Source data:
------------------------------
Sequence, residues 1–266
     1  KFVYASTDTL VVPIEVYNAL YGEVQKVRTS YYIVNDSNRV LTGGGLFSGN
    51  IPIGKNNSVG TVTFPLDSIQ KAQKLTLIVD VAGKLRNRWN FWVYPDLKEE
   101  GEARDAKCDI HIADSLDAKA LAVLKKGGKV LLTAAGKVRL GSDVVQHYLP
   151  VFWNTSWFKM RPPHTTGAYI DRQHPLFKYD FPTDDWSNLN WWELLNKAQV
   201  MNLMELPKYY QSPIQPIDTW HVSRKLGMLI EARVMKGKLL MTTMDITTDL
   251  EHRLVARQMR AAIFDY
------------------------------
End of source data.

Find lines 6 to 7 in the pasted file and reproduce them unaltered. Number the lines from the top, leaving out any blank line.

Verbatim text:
   201  MNLMELPKYY QSPIQPIDTW HVSRKLGMLI EARVMKGKLL MTTMDITTDL
   251  EHRLVARQMR AAIFDY